The familiar yellow bicycles of failed bike-sharing firm ofo have returned to some streets in Singapore in the last week, but this time sporting a different brand
New bike-sharing operator Moovs in with refurbished ofo bikes Bike-sharing start-up Moov Technology bought and refurbished bikes from ofo after being granted a sandbox licence to run up to 1,000 bicycles here. ST PHOTO: CHONG JUN LIANG

The familiar yellow bicycles of failed bike-sharing firm ofo have returned to some streets in Singapore in the last week, but this time sporting a different brand.

They were bought brand-new from a warehouse in Singapore and refurbished by bike-sharing start-up Moov Technology, which in April was granted a sandbox licence to run up to 1,000 bicycles here. The firm launched last week, and its bikes have begun showing up in the western part of Singapore, in places such as Boon Lay and Pioneer.

Moov is the first new entrant since ofo's licence was cancelled in April for failing to meet regulatory requirements. Chief operating officer Sharon Meng, who was formerly the country manager for Mobike, told The Straits Times on Wednesday (July 3) that Moov bought the never-used bikes, and adapted the locks to Moov's system. She said the move made sense both economically and environmentally.

"Earlier this year, we learnt that there were many brand-new bikes that had not been used at all, but were left in the warehouses waiting to be scrapped after other bike-sharing operators exited the market," said Ms Meng. "We believe that cleaning the battlefield and putting the brand-new bikes to good use is the first thing we can do to improve the bike-sharing industry."

The company also plans to introduce its own bike that it says would help to optimise operational efficiency by the end of this year.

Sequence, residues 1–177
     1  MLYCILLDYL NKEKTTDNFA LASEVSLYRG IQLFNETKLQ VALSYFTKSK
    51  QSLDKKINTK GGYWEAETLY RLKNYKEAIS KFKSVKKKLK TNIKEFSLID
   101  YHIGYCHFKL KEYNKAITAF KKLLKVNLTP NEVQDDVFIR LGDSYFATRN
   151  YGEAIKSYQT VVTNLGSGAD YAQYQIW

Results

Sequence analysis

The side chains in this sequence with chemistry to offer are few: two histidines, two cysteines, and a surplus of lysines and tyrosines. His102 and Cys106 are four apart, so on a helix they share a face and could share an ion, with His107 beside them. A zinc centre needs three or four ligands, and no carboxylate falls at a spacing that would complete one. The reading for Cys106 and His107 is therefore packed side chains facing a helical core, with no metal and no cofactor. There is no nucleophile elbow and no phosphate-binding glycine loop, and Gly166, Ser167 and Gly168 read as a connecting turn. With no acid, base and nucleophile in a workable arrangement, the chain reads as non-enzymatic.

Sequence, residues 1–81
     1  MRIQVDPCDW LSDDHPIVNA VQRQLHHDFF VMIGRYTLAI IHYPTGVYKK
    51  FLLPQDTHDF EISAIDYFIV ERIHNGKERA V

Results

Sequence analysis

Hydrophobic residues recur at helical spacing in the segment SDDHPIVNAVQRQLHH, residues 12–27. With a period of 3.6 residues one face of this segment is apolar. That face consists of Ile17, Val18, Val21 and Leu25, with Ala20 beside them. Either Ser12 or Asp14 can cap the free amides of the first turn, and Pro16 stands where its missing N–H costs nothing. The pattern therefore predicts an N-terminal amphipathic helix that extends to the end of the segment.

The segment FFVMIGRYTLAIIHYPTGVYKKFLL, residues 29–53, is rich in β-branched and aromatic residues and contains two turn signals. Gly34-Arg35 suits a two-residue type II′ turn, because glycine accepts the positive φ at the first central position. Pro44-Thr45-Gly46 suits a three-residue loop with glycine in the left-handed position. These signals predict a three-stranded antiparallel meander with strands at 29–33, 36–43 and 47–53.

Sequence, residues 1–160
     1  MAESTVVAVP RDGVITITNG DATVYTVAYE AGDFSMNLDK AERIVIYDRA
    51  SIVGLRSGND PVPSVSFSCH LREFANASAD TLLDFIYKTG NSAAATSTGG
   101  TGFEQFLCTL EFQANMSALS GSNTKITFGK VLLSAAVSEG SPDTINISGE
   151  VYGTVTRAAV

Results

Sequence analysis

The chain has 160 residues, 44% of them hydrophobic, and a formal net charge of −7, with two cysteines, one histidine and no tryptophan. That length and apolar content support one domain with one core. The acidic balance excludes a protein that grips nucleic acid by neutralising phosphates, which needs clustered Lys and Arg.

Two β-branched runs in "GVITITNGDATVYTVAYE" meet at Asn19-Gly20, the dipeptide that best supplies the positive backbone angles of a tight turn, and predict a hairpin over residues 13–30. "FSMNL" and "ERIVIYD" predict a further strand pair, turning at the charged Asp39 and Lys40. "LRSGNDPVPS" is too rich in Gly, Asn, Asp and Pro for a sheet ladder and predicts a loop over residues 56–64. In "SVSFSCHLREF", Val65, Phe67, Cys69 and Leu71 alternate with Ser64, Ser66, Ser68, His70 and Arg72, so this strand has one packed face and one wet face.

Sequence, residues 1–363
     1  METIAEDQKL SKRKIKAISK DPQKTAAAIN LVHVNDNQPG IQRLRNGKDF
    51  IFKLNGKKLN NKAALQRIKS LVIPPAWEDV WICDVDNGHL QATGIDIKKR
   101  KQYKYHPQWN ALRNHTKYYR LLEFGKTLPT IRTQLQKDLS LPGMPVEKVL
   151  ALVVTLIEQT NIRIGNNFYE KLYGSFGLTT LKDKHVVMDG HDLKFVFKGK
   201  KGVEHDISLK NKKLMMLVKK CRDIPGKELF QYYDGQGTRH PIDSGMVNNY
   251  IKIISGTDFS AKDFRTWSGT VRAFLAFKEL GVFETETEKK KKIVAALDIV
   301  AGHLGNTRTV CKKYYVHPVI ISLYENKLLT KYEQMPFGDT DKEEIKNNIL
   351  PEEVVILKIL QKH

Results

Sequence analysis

Ms Meng, whose former firm, Mobike, is in limbo here, said Moov had chosen to focus its efforts on just one area at the start to ensure the availability of bikes, and picked the west because it had a "good mix" of parking infrastructure and riding conditions. It will then look to expand to more areas in Singapore after it obtains the Land Transport Authority's (LTA) approval to expand its fleet size.

Despite the high-profile failures of predecessors such as ofo and oBike, Moov expressed confidence in its prospects.

"We have a feasible go-to-market strategy and a sustainable business model. As the bike-sharing market in Singapore becomes more mature and rational, we believe that conditions are now favourable enough for a new entrant like Moov to establish itself," said Ms Meng.

Moov's launch makes it the fourth active bike-sharing operator here.

Local start-ups Anywheel and SG Bike have licences to operate 10,000 and 3,000 shared bikes respectively, while Chinese firm Mobike has a licence to operate 25,000 bikes. However, Mobike's future is up in the air. It applied to leave the Singapore market in March, but the LTA has yet to approve the request.

Experts have largely questioned the sustainability of the bike-sharing industry, whose firms struggled after funds from cash-rich backers dried up.

But National University of Singapore transport analyst Lee Der-Horng said it is possible that the industry has turned a page. He said: "The market is more sensible now, as compared to the last time when major operators were fighting based on the volume (of bikes) and were strangled by the financial burden of doing so.

"The new firms are operating on a much smaller scale, and I am sure they will choose to expand and spend in a very careful way. At this new point in time, this seems like a more sustainable industry."